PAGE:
Thank God there are people who enjoy(?) doing this for a living. Because if I were stuck up in a tall metal tower thingie and my brother arrived to save me..... well I think I would say, "marshall!!! get down from here and find someone to help me!" Not because he couldn't save me, but because I just can't picture the little kid who picked up the chair he was sitting in and put it down on his own foot and then sat there and cried in front of the video camera to be saving me from a high tower. Of course, you'll never find my butt up in anything near that high, so Marshall, don't worry, you'll never have to rescue me from one. :) But I'm glad that you find it entertaining.
Human nature allows you to become accustomed to your day to day circumstances. But I believe God whispers (and sometimes yells) on your heart and you are moved to see beyond what you normally see. And I think that you often don't see things because they are too hard or painful to bring to the fore front of your thoughts.
One of the reasons I love fall and winter is because it's socially acceptable to stay inside where it is warm. The seasons here have become very clear. It is now late spring and everyone starts to come out of their houses. Yards need attending too, the weather is warm, and kids can't wait to play outside.
Autumn loves to play outside with all the kids. And there are still tons of them around here. I'm not sure on this, but I would bet we have the highest kid to house ration on our street in our subdivision. Autumn is old enough to play on her own without us standing over her and watching every move. And it's wonderful for her to be able to play and socialize and be active. I'm happy for that. 99.9% of the time Will is very content to play inside. In his own world of make believe, costumes, computer and video games and toys and books. And it's safe and it doesn't require us to face the hard challenges.
What challenges?? Yes, Will is doing great, he's smart, he's loving, he can talk now, he doesn't have many behaviors, we can take him places, he does what we ask him to, he's a great kid, and for the most part LOOKS like any other first grade boy. But he's not. He has autism. Yes, he still has autism. Not aspergers. Autism. And it's a real disability. Not an excuse for bad behavior, not just a label for an 'odd' person. A disability. Now he can talk, now he can read and do regular classroom work, now he can do all the things that can technically make him 'get by'. But he doesn't have the skills to maintain a relationship. Not yet anyhow. It becomes painfully more apparent as he gets older. One of the hardest parts is that for the most part he doesn't have a desire to. What comes naturally to a seven year old child are friendships. The need to play and connect with other children. And around this age they start to form strong bonds, wanting to always play with a certain person, wanting to go to their houses, having them over, talking about them and ultimately being crushed when they feel the slightest bit of rejection from them. I know this because I've had two other 7 year olds. But now I have one that doesn't seem to 'get' that part. It sucks and it makes me mad. It's bittersweet because he is starting to recognize it. It's so very encouraging when I see that he realizes that somehow he's not fitting in. Encouraging because then I at least know that HE is starting to understand. On one hand I would like to keep him sheltered from those feelings and for him to never understand that he doesn't get it. But I know that without this realization, he will never 'get it'.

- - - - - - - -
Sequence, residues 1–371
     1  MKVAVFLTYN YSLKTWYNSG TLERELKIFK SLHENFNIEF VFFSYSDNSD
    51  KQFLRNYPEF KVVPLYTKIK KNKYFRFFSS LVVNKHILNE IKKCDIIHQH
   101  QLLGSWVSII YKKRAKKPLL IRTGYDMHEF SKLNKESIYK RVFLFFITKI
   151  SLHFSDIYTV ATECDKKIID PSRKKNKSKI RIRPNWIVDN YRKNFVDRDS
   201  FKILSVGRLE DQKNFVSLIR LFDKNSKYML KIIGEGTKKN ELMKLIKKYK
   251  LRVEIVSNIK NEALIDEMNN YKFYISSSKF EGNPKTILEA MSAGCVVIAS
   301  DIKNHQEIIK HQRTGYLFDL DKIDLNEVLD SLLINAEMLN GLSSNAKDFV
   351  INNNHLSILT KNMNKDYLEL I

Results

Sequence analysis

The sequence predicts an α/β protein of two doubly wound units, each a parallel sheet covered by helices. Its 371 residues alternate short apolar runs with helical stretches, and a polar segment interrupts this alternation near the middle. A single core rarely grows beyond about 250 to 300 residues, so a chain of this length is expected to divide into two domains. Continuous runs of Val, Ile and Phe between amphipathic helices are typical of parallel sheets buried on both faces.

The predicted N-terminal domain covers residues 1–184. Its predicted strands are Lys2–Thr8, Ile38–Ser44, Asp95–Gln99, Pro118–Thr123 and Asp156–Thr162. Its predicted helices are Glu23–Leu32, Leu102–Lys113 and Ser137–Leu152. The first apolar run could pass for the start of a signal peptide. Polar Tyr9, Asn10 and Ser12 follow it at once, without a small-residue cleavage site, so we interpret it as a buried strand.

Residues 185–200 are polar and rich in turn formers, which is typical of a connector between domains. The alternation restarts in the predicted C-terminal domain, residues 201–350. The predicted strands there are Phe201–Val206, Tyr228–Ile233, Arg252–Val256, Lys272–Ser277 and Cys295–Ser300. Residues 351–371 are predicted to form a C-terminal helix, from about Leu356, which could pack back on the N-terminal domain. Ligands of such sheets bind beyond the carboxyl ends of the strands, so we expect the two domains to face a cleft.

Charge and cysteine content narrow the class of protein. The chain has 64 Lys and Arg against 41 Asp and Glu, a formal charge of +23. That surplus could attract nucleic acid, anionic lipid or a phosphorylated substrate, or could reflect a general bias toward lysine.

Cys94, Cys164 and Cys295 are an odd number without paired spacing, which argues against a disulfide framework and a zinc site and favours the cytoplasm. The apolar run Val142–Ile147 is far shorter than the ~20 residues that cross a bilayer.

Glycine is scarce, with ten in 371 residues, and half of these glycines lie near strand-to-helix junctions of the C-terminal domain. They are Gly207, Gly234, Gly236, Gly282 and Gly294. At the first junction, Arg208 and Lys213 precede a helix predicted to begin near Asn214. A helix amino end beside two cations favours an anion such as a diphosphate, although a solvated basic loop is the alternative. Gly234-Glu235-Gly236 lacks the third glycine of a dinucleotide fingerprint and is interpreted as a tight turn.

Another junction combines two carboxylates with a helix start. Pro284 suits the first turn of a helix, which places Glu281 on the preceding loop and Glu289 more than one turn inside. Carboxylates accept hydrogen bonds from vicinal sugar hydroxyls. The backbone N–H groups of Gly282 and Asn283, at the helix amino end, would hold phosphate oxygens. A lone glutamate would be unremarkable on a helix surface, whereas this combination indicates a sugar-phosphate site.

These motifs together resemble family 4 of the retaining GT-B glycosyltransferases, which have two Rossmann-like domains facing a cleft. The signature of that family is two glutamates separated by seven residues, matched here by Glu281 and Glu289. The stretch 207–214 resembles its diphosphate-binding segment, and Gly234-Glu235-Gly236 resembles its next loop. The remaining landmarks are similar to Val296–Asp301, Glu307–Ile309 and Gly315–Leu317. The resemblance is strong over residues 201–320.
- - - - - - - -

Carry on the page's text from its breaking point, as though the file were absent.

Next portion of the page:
So I pushed him to ask his sister if he could play too. She was outside with other kids. He yelled to her, 'autumn, can I play too??' Not now she said. He came in and said, 'she said not now'. Not really sad about it , just matter of fact. A few minutes later I prompted him to ask again. Same thing. I can't expect her to want him around all the time. I can't expect her to be the perfect therapist to her younger brother. She's 10. Well, I can expect her to be her and to do what I know she can do. So I called to her and she knew right away that that wasn't a fair thing for her to do. So she asked Will if he wanted to play outside. He immediately said yes. She took him on his bike and they went a few doors down to ask some other kids to play. I sat in a chair in the garage and watched. They went to the park across the street. I couldn't hear them , but I watched them play. A few minutes later I watched Will walk back to the house. For the past week or so he has been pretending to be a 'pokemon trainer'. He has made pokeballs out of paper and pretends to be a trainer, whatever that means.